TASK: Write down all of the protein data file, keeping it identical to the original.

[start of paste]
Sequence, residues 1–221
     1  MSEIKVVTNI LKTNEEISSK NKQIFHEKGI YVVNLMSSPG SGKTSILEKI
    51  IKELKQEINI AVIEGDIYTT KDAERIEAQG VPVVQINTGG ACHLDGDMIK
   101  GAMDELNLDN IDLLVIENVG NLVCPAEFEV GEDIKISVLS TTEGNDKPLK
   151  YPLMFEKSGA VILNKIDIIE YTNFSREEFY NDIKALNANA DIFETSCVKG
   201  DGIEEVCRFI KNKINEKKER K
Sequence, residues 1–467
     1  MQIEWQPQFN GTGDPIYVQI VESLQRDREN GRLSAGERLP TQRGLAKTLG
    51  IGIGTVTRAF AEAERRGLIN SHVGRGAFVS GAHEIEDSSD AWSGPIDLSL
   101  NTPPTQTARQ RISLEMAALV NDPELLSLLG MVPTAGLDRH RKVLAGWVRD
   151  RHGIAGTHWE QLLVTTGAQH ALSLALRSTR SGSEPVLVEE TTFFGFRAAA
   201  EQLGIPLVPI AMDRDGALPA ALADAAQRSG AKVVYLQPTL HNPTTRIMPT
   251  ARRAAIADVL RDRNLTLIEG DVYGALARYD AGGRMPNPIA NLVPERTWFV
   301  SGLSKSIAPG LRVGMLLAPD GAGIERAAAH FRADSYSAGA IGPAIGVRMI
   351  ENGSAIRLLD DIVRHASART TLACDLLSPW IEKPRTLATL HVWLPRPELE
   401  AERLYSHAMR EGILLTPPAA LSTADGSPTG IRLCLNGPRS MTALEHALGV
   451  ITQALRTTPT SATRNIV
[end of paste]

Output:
Sequence, residues 1–221
     1  MSEIKVVTNI LKTNEEISSK NKQIFHEKGI YVVNLMSSPG SGKTSILEKI
    51  IKELKQEINI AVIEGDIYTT KDAERIEAQG VPVVQINTGG ACHLDGDMIK
   101  GAMDELNLDN IDLLVIENVG NLVCPAEFEV GEDIKISVLS TTEGNDKPLK
   151  YPLMFEKSGA VILNKIDIIE YTNFSREEFY NDIKALNANA DIFETSCVKG
   201  DGIEEVCRFI KNKINEKKER K
Sequence, residues 1–467
     1  MQIEWQPQFN GTGDPIYVQI VESLQRDREN GRLSAGERLP TQRGLAKTLG
    51  IGIGTVTRAF AEAERRGLIN SHVGRGAFVS GAHEIEDSSD AWSGPIDLSL
   101  NTPPTQTARQ RISLEMAALV NDPELLSLLG MVPTAGLDRH RKVLAGWVRD
   151  RHGIAGTHWE QLLVTTGAQH ALSLALRSTR SGSEPVLVEE TTFFGFRAAA
   201  EQLGIPLVPI AMDRDGALPA ALADAAQRSG AKVVYLQPTL HNPTTRIMPT
   251  ARRAAIADVL RDRNLTLIEG DVYGALARYD AGGRMPNPIA NLVPERTWFV
   301  SGLSKSIAPG LRVGMLLAPD GAGIERAAAH FRADSYSAGA IGPAIGVRMI
   351  ENGSAIRLLD DIVRHASART TLACDLLSPW IEKPRTLATL HVWLPRPELE
   401  AERLYSHAMR EGILLTPPAA LSTADGSPTG IRLCLNGPRS MTALEHALGV
   451  ITQALRTTPT SATRNIV